George Osborne has used his latest budget to announce a sugar tax to be imposed on the soft drinks industry in two years’ time.
Who will be affected?
The new levy will be targeted at producers and importers of soft drinks that contain added sugar. It will be assessed on the volume of sugar sweetened drinks companies manufacture and import, and will arise at the point drinks are packaged for sale. It will rely on producers and importers reporting volumes for each quarter.
There will be two bands: a lower rate for drinks with 5g sugar per 100ml, and a higher rate for drinks with more than 8g sugar per 100ml. Based on the Government’s revenue targets of £520 million in the first year of implementation, and £500 million in the second year, the Office for Budget Responsibility has indicated that these rates will be 18 and 24 pence per litre. This calculation takes into account a number of assumptions regarding the potential behavioural effects of the tax.
The new tax will not apply to pure fruit juices or milk-based drinks. Small operators will also benefit from an exemption, although the scope of this is not yet clear.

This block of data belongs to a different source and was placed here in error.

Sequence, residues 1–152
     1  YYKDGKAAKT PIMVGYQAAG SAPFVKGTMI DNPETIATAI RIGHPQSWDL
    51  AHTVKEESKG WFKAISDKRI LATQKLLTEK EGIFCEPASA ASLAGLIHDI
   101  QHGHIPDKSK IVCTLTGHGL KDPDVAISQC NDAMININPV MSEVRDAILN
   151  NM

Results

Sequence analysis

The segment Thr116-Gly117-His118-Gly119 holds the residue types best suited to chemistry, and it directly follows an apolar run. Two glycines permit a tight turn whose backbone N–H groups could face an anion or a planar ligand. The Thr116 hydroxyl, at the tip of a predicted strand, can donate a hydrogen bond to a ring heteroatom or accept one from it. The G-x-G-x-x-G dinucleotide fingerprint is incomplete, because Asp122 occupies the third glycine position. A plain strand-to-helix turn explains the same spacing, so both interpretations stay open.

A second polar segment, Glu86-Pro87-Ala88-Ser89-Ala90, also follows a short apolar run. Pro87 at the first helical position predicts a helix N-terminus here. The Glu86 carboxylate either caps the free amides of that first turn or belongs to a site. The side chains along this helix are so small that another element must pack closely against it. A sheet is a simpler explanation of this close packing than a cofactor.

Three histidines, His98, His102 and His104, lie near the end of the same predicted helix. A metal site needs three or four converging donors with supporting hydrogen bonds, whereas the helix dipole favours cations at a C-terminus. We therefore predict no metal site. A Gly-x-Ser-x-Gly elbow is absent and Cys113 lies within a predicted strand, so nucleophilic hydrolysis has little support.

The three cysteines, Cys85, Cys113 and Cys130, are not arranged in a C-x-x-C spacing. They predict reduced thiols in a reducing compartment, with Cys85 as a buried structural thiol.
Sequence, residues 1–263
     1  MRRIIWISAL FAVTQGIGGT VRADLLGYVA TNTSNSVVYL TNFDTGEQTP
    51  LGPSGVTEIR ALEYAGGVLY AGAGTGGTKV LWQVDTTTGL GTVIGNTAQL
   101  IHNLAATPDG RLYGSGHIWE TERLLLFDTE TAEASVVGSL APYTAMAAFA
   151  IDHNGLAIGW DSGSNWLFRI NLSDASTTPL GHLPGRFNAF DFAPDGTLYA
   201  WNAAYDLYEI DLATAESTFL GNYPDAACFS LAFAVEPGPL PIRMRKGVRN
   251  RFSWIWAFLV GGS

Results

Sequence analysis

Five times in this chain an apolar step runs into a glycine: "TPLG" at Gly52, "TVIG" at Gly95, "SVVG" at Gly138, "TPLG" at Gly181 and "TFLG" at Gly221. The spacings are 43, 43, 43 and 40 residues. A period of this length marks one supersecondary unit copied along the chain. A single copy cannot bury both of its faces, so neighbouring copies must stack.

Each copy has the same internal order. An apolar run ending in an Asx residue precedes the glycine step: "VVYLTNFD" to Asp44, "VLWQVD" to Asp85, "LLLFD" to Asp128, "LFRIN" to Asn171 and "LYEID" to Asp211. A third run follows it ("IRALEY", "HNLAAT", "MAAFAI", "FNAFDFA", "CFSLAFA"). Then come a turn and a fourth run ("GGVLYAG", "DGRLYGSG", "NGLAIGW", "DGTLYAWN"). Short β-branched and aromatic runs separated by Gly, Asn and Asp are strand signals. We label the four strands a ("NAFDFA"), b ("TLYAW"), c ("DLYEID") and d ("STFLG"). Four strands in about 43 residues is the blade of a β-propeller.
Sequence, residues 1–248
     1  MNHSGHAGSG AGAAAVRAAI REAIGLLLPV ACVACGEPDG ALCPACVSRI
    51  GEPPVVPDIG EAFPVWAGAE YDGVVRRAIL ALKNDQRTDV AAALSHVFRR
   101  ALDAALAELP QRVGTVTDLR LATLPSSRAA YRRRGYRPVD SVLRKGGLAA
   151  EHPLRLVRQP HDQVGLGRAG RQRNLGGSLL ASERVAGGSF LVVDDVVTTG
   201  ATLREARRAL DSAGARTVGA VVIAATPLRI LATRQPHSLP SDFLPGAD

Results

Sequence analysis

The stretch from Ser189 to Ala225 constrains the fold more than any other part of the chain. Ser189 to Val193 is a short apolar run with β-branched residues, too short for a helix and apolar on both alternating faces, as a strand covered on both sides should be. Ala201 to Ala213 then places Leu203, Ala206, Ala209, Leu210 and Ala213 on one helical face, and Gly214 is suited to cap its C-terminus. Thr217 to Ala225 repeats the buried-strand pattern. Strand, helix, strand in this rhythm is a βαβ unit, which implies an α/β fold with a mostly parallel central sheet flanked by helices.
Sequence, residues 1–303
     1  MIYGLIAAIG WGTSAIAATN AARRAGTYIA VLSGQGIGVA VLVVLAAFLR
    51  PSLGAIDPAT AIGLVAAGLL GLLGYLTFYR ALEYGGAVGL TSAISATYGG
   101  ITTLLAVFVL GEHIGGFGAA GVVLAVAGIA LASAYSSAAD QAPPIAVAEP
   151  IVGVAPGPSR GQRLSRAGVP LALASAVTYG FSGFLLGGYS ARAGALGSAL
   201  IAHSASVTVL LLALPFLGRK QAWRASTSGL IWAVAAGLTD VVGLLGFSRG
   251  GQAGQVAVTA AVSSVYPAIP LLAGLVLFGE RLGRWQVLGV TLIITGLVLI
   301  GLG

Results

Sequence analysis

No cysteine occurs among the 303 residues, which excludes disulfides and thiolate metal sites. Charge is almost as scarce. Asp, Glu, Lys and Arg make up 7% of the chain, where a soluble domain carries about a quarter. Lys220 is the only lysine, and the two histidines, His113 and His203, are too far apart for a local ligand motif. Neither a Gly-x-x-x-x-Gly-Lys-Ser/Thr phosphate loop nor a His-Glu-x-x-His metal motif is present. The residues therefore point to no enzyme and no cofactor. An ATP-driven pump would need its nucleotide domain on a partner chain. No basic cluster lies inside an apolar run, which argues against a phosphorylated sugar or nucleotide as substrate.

When will it come into force?
The Government plans to consult on the details over the summer, with a view to including the new regime in the Finance Bill 2017, to be implemented from April 2018 onwards.
What will it achieve?
The move is part of a wider Government drive to tackle obesity. The Government plans to use the funds raised to increase investment in school sports and breakfast clubs. The levy is designed to incentivise manufacturers to reformulate their recipes and reduce portion sizes before 2018. The Government hopes that even if producers choose to pass the increased cost on to consumers rather than changing formulations, this will lead to reduced consumption. The announcement follows the report published by Public Health England in October 2015 (“Sugar Reduction: the evidence for action”), which indicated that a tax of 10-20% would be necessary to have a significant impact on purchases and consumption.
The levy has been met with disappointment from the drinks industry. There are concerns that it will stifle innovation and lead to job losses. Many have also questioned why the new tax has been specifically targeted at soft drinks, without capturing other categories of food and drink.
Producers are now faced with a tough choice between going through the costly process to reduce the sugar content of their products, or increasing prices to cover the cost of the levy. In the meantime, the potential impact of this controversial measure on both the industry and public health remains to be seen.